I reached out a hand to stop Xiao Zhong prancing and pull her on my lap. I drew her close and explained what made me change my mind. I wanted her to pee in my mouth.

As Xiao Zhong cracked open beer after beer in an effort to replenish her reserves, the fear crept back inside me. I wondered, what in hell put me here. To calm myself I read through her husband's letters. Simple words about honest love.

Be a good girl. I hate being here and you there. We'll be together soon. I love you and miss you much. Be good.

Xiao Zhong never belittled her husband, she did love him in her own way. However, she let me read his letters, something I doubt he would have wanted. He wouldn't want me fucking his wife, but I somehow knew he would have been more upset about the letters. I would be. And I definitely wouldn't want my wife pissing in some man's mouth. What normally made the animals in my blood want out to play, only made me feel—I don't know how. Just wrong.

Dancing on one foot in front of me, Xiao Zhong tore the love letters from my hands. "Okay. Piss ready now," she said.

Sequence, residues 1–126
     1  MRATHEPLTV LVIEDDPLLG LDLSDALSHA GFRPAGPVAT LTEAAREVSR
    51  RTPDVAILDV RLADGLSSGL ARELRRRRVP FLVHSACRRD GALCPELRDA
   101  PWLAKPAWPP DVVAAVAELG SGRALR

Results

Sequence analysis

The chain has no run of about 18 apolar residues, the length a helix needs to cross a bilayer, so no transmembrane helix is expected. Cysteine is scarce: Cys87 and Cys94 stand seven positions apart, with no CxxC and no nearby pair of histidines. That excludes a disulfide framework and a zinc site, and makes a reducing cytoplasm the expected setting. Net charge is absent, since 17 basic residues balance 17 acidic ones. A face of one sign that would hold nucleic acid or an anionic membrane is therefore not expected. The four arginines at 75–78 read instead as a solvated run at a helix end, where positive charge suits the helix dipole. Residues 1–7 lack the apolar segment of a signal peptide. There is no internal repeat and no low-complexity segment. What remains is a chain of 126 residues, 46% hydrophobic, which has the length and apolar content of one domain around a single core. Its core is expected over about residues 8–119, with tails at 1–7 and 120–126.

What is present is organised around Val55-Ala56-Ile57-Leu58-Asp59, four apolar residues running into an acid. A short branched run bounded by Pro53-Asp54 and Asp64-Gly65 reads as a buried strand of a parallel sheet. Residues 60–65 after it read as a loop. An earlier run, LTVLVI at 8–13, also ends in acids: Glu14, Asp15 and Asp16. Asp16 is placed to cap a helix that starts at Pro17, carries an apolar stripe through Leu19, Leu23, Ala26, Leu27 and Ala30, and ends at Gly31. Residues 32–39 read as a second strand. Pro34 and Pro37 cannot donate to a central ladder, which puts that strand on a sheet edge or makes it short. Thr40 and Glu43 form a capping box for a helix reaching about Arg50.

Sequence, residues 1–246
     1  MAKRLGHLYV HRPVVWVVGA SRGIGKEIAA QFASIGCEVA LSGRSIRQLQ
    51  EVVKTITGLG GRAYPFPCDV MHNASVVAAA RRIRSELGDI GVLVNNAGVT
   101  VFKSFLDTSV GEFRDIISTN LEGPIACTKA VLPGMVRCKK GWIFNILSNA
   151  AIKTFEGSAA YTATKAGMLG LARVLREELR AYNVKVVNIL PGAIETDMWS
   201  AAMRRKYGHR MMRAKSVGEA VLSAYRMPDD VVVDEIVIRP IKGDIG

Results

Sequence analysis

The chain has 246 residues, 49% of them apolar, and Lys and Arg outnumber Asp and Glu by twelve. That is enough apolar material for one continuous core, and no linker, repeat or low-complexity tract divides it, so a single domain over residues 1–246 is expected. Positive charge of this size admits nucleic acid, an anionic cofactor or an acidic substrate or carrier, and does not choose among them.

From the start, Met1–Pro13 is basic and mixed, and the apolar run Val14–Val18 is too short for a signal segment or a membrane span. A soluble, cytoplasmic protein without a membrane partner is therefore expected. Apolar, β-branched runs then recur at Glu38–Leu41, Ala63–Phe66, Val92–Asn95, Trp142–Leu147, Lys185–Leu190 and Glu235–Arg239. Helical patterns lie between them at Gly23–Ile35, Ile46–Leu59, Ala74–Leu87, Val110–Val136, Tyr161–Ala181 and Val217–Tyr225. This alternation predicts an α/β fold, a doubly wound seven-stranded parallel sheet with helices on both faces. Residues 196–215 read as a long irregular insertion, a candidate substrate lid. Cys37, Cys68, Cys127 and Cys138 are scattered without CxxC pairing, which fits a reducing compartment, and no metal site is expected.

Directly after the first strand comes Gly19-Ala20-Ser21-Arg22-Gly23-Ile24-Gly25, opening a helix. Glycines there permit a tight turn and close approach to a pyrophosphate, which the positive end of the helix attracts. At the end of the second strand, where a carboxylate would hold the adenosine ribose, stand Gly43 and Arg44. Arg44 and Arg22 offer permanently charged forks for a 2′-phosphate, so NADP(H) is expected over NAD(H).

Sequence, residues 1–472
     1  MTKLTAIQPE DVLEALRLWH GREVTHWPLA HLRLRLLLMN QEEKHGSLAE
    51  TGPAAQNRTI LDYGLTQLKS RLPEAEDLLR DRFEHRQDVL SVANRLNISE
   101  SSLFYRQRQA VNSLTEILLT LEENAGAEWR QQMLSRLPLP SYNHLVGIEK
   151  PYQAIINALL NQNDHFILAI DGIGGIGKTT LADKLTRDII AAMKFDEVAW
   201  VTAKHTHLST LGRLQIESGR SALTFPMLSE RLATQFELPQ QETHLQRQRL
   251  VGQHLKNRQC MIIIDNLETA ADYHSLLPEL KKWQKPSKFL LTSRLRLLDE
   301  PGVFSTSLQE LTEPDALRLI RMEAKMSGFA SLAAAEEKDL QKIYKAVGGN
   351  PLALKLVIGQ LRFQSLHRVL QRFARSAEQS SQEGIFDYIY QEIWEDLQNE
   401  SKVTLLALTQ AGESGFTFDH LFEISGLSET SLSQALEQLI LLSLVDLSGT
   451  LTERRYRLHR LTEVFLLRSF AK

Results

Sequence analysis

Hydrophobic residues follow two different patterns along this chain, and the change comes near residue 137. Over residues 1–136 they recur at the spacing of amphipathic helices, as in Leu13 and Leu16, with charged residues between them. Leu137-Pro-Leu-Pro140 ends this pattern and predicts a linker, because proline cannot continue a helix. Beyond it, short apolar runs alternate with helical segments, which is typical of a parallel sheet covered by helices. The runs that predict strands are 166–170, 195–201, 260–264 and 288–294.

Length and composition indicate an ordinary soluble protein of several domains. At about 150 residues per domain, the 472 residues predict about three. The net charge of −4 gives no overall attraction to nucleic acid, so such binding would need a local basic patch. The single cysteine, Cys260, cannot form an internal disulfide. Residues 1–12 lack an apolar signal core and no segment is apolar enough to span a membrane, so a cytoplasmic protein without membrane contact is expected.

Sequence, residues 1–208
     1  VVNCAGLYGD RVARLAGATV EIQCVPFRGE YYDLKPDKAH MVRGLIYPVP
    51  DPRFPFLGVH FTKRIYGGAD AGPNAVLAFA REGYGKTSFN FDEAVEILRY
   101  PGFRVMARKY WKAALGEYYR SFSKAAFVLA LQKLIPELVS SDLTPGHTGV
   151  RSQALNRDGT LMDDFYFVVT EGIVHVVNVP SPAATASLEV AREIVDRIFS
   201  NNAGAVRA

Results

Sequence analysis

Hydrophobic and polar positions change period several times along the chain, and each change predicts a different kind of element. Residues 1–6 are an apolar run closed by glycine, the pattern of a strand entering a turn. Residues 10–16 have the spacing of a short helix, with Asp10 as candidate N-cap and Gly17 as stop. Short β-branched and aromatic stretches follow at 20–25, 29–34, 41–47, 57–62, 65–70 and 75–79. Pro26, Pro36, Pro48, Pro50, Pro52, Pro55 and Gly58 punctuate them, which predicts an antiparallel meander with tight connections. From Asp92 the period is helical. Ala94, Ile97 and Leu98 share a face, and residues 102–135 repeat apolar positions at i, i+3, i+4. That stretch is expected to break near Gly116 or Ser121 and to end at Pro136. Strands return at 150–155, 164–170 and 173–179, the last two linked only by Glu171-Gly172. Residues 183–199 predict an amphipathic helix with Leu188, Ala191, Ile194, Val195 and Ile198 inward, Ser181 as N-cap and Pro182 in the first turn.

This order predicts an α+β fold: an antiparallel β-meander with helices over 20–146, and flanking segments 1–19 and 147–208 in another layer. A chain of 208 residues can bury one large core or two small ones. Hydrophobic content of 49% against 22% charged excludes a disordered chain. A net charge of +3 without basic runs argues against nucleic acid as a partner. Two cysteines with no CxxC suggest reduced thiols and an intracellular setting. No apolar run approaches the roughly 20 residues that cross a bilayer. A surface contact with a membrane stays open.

She pulled me off the mattress on to the matted floor and sat on my chest. What we were doing was wrong, but I loved her. She was real, her face soft and free, everything I wanted for myself. Removing her bedroom sleeping shirt, Xiao Zhong squatted flat on her feet over my mouth. She began to squirm, making something inside of me jump out to restrain her in my hands. She giggled, "Big man talking, but afraid now, heh?"

I asked her, "You love me, right?"

She freed herself from my grip and rolled off. Her face beside mine, she asked right back, "You love me, right?"

I did. We left it at that and I tapped her hip. "Let's do this."

Xiao Zhong was in my face, it was in my face. I looked at all its folds and creases. A woman's thing is beautiful, so inviting, I started to forget why it was in front of me. I was amazed, I could see right inside her. I never thought about how a woman pees, a man pees. It just comes out. Xiao Zhong was opening like a flower in the morning feeding off the first sun. So breathtakingly beautiful that I was lost. When a little hole gaped wide inside her I couldn't believe it—the female body is wonderful, incredible, so perfect. The tiny hole shuddered and my mind woke up. Fuck, she was about to piss on me. I threw Xiao Zhong off using two knees to her chest. As she twirled in the air, I watched the little dot inside her well up and shed a small tear. 


Tet nods like a epileptic and enjoys her righteousness. I can see her thoughts as if she is a Visible Man doll and her clear plastic skull only needs to be removed to read her mind. Tet's thinking, hah, Xiao Zhong couldn't make Tom do everything. But I can. She doesn't say that though, she just slows the nodding and tones down her smirk. "Good. Too dirty. How can a man drink pee?"